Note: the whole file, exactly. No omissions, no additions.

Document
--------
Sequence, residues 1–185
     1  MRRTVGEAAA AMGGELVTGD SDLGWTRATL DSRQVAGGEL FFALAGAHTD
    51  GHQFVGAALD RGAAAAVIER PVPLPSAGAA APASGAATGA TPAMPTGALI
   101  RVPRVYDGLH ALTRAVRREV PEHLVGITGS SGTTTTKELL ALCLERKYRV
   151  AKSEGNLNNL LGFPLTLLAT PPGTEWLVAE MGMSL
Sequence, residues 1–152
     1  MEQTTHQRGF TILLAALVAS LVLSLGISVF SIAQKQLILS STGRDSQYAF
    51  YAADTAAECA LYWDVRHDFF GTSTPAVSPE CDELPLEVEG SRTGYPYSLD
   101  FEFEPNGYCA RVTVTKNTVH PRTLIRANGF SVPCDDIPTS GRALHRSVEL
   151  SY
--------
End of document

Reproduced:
Sequence, residues 1–185
     1  MRRTVGEAAA AMGGELVTGD SDLGWTRATL DSRQVAGGEL FFALAGAHTD
    51  GHQFVGAALD RGAAAAVIER PVPLPSAGAA APASGAATGA TPAMPTGALI
   101  RVPRVYDGLH ALTRAVRREV PEHLVGITGS SGTTTTKELL ALCLERKYRV
   151  AKSEGNLNNL LGFPLTLLAT PPGTEWLVAE MGMSL
Sequence, residues 1–152
     1  MEQTTHQRGF TILLAALVAS LVLSLGISVF SIAQKQLILS STGRDSQYAF
    51  YAADTAAECA LYWDVRHDFF GTSTPAVSPE CDELPLEVEG SRTGYPYSLD
   101  FEFEPNGYCA RVTVTKNTVH PRTLIRANGF SVPCDDIPTS GRALHRSVEL
   151  SY